Vail Resorts beat second-quarter guidance and raised expectations for the rest of 2016 when it reported quarterly results on March 10. Acquisitions, facility upgrades, an expanding global season pass program, and strong financials should allow it to continue to thump expectations and enrich shareholders for years to come.
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Source: Vail Resorts.
Investing for the future
Vail has made considerable investments over the past few years, and 2016 will be no exception. The company made one large acquisition each of the past three years. The most recent, Wilmot Mountain in Wisconsin, requires spending $13 million in 2016 to "dramatically enhance the guest experience at Wilmot," management said, terming these "one-time transformational investments." This is on top of the company's $100 million 2016 capital plan.
Wilmot, the company's third urban location because of its proximity to Chicago, could be an extremely valuable property. Vail's other two urban resorts are Afton Alps in Hastings, Minn., and Mt. Brighton in Brighton, Mich. It's a great sign that Vail has the financial and operational wherewithal to make necessary improvements at Wilmot now rather than making superficial improvements over the next handful of years. New lifts, a base area transformation, ski schools, and state-of-the-art snowmaking will help make the mountain a premier Midwest ski destination.
The $100 million capital plan reflects both the pragmatism and opportunism of the company. Vail operates 13 locations, each of which requires maintenance on lifts, facilities, and the mountains themselves. It's important not to neglect existing properties to grow the overall portfolio. Sixty percent of the annual capital spend is going toward maintenance. New locations are great, but the company was built at Vail and Beaver Creek, and keeping those mountains top-flight is paramount.
The remaining 40% will go toward "high-impact, high-ROI discretionary investments."These include faster lifts, a 500-seat restaurant at Breckenridge to address an underserved location, and revamped websites to create a better mobileexperience. The breakdown in thecapital plan shows me that management has what it takes to incorporate newproperties and improve existing ones without cutting corners along the way.
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Scale is helping
Vail Resorts has long benefited from one type of durable competitive advantage, or moat. There are many great places to ski in the world, but for many U.S. residents, it's hard to beat the geographic proximity of Colorado, Utah, or Lake Tahoe. Vail is developing a second moat, which might become as powerful as the first. The network effect is seen when the value of a service improves as more people use it. A good example iseBay. Buyers will shop where they have the widest selection of goods and sellers want their goods to be available to the broadest swath of buyers. As more buyers come to the site, more sellers list items for sale, which draws more buyers. Once this cycle begins, it's difficult for a competitor to break in.
For Vail, the effect is there but a bit attenuated. Customers who bought a season pass years ago contributed to the company's overall finances. With this excess capital, Vail has expanded its portfolio of mountains, and with it the value of a season pass that's good at multiple locations. The more passes that are sold, the more acquisitions can be made, and the more valuable those passes become.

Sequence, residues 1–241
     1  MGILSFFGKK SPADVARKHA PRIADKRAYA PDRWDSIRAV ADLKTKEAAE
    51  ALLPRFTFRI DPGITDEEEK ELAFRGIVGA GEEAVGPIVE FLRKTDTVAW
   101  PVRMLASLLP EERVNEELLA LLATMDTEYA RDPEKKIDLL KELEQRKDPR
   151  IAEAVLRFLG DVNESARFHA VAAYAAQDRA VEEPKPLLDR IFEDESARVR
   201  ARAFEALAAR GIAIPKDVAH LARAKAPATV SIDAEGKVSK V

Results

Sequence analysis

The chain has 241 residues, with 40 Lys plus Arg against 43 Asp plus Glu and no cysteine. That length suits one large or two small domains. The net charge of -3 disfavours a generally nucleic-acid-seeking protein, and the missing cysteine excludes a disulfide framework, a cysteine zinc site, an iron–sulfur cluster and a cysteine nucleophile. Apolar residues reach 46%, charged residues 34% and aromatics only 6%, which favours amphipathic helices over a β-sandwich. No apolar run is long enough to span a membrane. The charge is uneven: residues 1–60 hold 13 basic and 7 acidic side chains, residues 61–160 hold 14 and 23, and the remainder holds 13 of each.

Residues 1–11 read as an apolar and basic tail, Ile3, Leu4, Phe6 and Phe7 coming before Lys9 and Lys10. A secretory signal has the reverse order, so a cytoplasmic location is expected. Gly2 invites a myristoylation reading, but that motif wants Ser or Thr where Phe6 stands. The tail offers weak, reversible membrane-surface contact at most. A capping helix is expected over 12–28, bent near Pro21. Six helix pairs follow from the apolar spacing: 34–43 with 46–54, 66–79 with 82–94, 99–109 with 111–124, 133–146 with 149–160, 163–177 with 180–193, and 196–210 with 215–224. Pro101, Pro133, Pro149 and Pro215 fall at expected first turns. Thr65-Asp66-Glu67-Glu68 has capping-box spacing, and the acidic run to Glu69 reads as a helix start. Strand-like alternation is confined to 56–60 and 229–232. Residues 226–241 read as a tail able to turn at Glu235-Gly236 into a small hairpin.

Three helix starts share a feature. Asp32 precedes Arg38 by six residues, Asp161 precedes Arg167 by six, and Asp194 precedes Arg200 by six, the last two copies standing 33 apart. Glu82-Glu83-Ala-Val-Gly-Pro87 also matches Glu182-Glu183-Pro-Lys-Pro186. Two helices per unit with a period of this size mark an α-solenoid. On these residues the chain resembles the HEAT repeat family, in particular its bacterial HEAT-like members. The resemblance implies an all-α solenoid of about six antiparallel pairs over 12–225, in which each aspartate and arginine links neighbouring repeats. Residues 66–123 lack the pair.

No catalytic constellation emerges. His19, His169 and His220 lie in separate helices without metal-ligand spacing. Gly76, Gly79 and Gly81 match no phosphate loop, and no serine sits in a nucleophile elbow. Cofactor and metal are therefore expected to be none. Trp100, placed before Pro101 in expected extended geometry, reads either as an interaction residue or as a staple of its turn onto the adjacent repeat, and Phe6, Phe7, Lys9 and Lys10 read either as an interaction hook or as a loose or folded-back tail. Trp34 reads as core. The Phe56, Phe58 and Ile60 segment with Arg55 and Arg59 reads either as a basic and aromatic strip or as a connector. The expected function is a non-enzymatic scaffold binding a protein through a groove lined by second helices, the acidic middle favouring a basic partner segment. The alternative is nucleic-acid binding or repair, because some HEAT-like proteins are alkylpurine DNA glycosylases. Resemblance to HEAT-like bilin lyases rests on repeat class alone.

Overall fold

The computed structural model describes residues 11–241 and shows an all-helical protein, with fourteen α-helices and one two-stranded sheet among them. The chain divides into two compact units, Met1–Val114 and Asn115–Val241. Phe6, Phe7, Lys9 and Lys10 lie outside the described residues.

Perisher Resort, Australia. Image source: Vail Resorts.
Right now, for $809 per adult or $419 per child, an Epic Passholder can ski an unlimited amount at 12 locations. This one pass includes Colorado, Utah, Lake Tahoe, Minnesota, Michigan, and Wisconsin, along with 2017 access at a 13th location in Australia. Vail isn't done acquiring new locations, and it's easy to see how mountains in Canada, Japan, and elsewhere would further bolster this competitive advantage.
Finances are sound, and shareholders are rewarded
Vail resorts is on sound financial footing, and shareholders are being rewarded. Management is predicting net income between$132 million and$152 million for FY 2016. The company increased its net debt by 8.5% YOY to $650 million, while growing EBITDA 21.2% YOY for the second quarter.
The wonderful, non-replicable assets Vail owns lead to predictable and growing cash flows. With this in mind, the board felt comfortable authorizing a 30% increase to the quarterly dividend, putting it at $0.81 per share. The raise puts the yield around 2.5%. Although the payout ratio is now over 80%, there's still plenty of room for future dividend growth as net income rises.
Vail is a wonderful company that continues to grow revenue and EPS through acquisition and reinvestment. Over the past five years, shareholders have been rewarded with a share price that has far outpaced the S&P 500, and now we have a 2.5% dividend yield to boot. I expect continued outperformance and annual dividend increases as the company's investments bear fruit. It has a multi-decade growth runway ahead of it, so those who aren't shareholders yet haven't missed the boat.
The article 3 Takeaways From Vail Resorts Inc.'s Earnings originally appeared on Fool.com.
James Sullivan owns shares of Vail Resorts. The Motley Fool owns shares of and recommends eBay. The Motley Fool recommends Vail Resorts. Try any of our Foolish newsletter services free for 30 days. We Fools may not all hold the same opinions, but we all believe that considering a diverse range of insights makes us better investors. The Motley Fool has a disclosure policy.
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